Hajime Sorayama Talks "Sexy Robots," Japan's Underground Art Scene and More

“I simply focus on the parts that will jump out to the naked eye and attack those relentlessly.”

Arts
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Not long ago, Hajime Sorayama announced his first solo exhibition at the Jacob Lewis Gallery in New York City. The Japanese futurist artist’s new body of work transforms 1960s pop culture luminaries into the guise of his signature “Sexy Robots.” Kate Moss becomes a bionic Playmate (culled from Playboy magazine’s 2014 issue), Marilyn Monroe is a dashing automaton in a golden dress and even Elvis Presley gets the robotic treatment, albeit keeping his slick pompadour intact. Moreover, alongside Sorayama’s racy illustrations is a limited edition alloy sculpture with only ten having been made.

The artist recently sat down with Juxtapoz editor Evan Pricco to discuss career highlights, creative regrets and his obsession with the female form. Take a look at key excerpts below and head over to Juxtapoz to read the interview in full, here. Sorayama’s solo show at the Jacob Lewis Gallery is currently open to the public until December 17.

Evan Pricco: I’m curious, if you can think back to 40 years ago, what was the art scene in Japan like in the 1970s and early 1980s. You were doing illustration work, but were there realistic expectations to be a “fine artist” with gallery shows and representation? Or was it far more realistic to be a commercial artist?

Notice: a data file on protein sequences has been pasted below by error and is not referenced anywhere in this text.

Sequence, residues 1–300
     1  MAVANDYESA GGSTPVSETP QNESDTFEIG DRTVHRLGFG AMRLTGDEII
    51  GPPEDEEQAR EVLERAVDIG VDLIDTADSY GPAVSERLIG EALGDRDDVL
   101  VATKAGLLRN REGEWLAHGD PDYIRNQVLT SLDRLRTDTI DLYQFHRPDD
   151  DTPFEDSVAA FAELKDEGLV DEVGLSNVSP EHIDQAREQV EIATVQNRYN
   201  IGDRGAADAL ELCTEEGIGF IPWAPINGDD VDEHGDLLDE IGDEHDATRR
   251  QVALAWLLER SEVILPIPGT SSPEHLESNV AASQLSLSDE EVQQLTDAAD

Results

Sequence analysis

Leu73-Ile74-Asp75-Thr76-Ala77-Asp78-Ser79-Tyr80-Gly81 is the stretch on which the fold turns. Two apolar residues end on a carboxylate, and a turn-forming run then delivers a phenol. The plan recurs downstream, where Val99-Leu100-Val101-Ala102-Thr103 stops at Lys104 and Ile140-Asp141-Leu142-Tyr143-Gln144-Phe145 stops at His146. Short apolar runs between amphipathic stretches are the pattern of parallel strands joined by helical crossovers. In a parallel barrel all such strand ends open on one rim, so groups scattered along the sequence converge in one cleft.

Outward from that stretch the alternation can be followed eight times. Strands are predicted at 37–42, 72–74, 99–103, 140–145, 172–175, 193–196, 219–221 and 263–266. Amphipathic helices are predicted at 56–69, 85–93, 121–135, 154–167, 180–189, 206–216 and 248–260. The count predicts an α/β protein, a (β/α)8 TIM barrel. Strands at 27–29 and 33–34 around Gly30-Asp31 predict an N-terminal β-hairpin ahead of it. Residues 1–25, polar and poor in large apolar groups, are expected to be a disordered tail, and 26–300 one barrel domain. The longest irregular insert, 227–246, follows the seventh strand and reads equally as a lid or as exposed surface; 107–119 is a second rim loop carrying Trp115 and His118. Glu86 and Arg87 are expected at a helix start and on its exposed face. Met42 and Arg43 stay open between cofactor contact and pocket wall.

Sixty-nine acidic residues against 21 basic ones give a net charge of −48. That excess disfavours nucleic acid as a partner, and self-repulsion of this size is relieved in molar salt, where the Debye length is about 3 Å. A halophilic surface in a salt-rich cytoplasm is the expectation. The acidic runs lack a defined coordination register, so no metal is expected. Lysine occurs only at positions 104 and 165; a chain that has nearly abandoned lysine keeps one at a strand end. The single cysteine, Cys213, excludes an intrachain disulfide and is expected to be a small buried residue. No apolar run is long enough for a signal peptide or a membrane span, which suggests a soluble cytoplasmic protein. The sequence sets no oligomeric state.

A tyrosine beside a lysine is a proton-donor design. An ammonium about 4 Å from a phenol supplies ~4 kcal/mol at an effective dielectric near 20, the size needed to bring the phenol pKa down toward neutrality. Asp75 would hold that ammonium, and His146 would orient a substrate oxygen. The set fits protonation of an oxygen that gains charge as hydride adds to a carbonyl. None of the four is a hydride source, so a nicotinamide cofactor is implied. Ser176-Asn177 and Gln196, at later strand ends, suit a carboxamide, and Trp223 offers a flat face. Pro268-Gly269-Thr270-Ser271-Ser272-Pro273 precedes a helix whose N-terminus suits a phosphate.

Hajime Sorayama: At that time, doing commercial art would earn you a lot more exposure, so I cast my net wide and shallow in terms of my values. What can I say? When you’re young and taking on the world, the money at your fingertips seems more enticing than anything else. Now I don’t have much time left and I would like to create work that is a bit more ripened, but at my age, I don’t see any way to emerge from the earthly world in which I’ve operated.

Your fascination with the pin-up style started when you were quite young. Looking at the roots of Juxtapoz, and Robert Williams and R. Crumb, your contemporaries, you grew up with a certain fascination with the female form. At the time, were you the only one of your peers doing the pin-up drawings?

I know many artists who took pin-up work on commission, but don’t really know of any who did it out of pure love of the genre. As it was my fate to be born a man, I didn’t consider my sex drive to be anything out of the ordinary, but looking back, I guess my curiosity toward the opposite sex must have been extreme. With that said, my longings were not so much carnal as they were an admiration of women as goddesses.

One of the things that I think could often be overlooked in your work when not seen in person, is the amount of incredible detailed precision. And I think that plays into my last question; have you always been blessed with that sort of skill? It’s almost too real to be real.

If you were to look at my pictures in their original state, I think you would find that they are very loosely painted. I simply focus on the parts that will jump out to the naked eye and attack those relentlessly. I am a very resourceful painter and I work very quickly. I am also very good at taking the easy way out. I admit it!

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